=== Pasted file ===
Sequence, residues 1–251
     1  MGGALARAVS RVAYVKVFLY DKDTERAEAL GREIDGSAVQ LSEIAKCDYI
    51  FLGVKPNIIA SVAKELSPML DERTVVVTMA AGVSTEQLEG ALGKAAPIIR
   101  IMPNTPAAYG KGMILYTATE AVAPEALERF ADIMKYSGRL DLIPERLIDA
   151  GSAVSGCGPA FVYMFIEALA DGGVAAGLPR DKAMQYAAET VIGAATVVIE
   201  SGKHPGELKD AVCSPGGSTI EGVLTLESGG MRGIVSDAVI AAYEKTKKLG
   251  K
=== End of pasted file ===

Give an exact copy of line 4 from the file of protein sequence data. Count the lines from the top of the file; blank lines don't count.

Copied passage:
   101  IMPNTPAAYG KGMILYTATE AVAPEALERF ADIMKYSGRL DLIPERLIDA